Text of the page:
There is so much history just on the RMS Queen Mary during the war
that many websites exist to tell her story.

For more photos, details, and where she is now:

Sgt August Byron, 1944
Sgt. August A. Byron 1944






The History

The 8th Air Force was activated at Savannah, Georgia, on January 28th, 1942.  It moved to England in May of 1942, and sent its first bombers into Europe on August 17th, 1942. 

The 8th became the daylight precision bombing force flying out of England.  The 8th Air Force took part in all of the major bombing operations launched from England during the war.  They suffered heavy casualties for their daylight bombing campaign.

By V-E Day, the 8th had destroyed over 20,000 enemy aircraft and had made over 1 million flights.  The 8th Air Force was transferred to Okinawa after the Germans surrendered, but did not get into action against the Japanese.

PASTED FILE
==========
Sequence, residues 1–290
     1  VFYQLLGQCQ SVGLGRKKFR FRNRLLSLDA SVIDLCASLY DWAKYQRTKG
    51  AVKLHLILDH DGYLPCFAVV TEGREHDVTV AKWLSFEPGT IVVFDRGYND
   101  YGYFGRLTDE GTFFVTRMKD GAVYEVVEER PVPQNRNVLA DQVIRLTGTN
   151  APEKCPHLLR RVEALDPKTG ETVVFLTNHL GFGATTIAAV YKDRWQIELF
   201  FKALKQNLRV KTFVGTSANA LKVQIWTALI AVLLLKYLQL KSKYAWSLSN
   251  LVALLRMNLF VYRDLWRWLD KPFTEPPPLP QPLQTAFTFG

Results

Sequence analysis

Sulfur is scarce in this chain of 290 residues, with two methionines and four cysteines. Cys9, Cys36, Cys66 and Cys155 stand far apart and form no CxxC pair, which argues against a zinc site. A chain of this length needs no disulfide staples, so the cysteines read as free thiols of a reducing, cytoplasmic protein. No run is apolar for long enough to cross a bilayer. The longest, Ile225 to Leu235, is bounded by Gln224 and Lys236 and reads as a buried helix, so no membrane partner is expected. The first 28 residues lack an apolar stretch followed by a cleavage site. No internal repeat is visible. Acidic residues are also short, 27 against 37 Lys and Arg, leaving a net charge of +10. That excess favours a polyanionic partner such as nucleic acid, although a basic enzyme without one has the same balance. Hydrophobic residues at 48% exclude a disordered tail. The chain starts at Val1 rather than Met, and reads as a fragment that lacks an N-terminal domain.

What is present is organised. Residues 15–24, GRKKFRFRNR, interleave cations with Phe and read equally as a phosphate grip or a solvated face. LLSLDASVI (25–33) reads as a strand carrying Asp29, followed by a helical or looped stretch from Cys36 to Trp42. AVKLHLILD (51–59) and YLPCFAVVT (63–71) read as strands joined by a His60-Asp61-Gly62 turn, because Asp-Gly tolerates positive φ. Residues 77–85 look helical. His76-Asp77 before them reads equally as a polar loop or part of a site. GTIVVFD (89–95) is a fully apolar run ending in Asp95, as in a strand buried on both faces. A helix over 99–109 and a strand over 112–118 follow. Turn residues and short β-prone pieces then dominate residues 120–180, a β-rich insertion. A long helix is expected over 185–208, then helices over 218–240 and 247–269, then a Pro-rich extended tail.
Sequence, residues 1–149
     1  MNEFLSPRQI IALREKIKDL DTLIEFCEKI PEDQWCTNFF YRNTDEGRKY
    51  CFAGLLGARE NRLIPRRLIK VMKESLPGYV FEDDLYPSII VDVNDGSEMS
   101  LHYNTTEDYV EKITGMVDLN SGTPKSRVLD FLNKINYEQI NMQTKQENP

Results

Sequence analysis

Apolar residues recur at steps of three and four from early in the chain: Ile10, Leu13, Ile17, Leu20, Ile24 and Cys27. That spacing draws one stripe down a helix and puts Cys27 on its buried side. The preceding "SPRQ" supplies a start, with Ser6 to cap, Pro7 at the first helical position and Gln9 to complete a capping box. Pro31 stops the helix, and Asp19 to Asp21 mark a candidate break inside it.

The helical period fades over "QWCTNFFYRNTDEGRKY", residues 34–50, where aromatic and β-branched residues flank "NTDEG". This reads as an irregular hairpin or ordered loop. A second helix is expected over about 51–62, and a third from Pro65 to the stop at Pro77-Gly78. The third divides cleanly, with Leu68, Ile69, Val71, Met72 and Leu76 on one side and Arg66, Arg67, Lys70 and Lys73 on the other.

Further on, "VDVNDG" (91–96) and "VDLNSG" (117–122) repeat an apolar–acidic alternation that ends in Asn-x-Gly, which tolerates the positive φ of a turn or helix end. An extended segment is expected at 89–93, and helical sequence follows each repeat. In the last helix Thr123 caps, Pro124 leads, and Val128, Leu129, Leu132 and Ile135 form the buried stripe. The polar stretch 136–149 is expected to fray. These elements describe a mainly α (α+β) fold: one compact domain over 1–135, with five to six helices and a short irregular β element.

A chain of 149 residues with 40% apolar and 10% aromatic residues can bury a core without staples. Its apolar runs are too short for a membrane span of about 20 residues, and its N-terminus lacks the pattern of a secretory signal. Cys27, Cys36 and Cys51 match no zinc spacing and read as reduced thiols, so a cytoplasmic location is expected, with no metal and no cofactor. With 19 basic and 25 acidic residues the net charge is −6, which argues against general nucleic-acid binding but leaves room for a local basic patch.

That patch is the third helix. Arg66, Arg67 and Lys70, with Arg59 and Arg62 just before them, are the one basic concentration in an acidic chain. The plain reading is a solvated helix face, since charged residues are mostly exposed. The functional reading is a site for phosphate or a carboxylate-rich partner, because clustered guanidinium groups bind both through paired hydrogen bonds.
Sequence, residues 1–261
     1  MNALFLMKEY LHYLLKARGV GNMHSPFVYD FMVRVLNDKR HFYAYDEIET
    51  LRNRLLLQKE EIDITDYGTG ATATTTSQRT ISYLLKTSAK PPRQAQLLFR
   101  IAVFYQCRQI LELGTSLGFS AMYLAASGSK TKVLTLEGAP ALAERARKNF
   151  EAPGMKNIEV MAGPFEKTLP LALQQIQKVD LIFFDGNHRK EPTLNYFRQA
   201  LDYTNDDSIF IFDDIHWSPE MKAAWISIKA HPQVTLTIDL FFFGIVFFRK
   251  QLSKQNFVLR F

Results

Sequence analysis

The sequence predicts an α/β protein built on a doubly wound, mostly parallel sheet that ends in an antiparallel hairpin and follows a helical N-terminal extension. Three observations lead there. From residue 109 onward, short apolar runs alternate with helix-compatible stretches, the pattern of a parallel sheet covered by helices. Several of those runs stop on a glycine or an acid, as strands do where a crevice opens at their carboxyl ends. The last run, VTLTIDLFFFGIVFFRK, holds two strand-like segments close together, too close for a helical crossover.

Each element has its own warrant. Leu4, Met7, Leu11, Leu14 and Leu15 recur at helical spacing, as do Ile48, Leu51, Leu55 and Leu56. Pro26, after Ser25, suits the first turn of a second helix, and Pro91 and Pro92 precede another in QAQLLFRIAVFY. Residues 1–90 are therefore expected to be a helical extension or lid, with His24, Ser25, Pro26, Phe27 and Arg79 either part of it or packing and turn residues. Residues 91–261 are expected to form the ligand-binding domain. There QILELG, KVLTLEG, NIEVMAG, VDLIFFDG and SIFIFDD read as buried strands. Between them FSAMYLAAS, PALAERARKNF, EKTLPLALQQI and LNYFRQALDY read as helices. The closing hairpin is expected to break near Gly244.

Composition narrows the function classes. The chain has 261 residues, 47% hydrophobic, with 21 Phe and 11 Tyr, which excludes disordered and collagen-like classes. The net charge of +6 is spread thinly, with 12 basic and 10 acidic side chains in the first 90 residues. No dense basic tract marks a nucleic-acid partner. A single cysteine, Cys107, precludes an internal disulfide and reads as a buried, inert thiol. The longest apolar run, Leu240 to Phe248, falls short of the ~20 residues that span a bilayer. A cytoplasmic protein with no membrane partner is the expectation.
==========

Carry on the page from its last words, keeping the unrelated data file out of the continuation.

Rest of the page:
My dad was assigned to the Polebrook Royal Air Base (RAFB) in Southhampton England. This was to be his home for the next 2+ years. Polebrook is a very famous Air Base and was home to (4) B17 squadrons assigned to the 351st BG. The 508th, 509th, 510th, and the 511th.

In addition to my dad's 854th Chemical Company the other units
stationed there as part of the 351st include:

  • 11th Station Complement
  • 201st Finance Section
  • 252nd Medical Dispensary
  • 304th Service Group
  • 320th Service Squadron
  • 447th Sub-Depot
  • 1052nd Ordnance Squadron
  • 1061st MP Company
  • 1629th Ordnance Supply/Maintenance Co.
  • 2098th Aviation Fire Fighting Platoon


By the time my dad was at Polebrook
he had been promoted to Staff Sergeant.

Sgt August Byron, 1944, USAF


854th Chemical Co
854th Chemical Company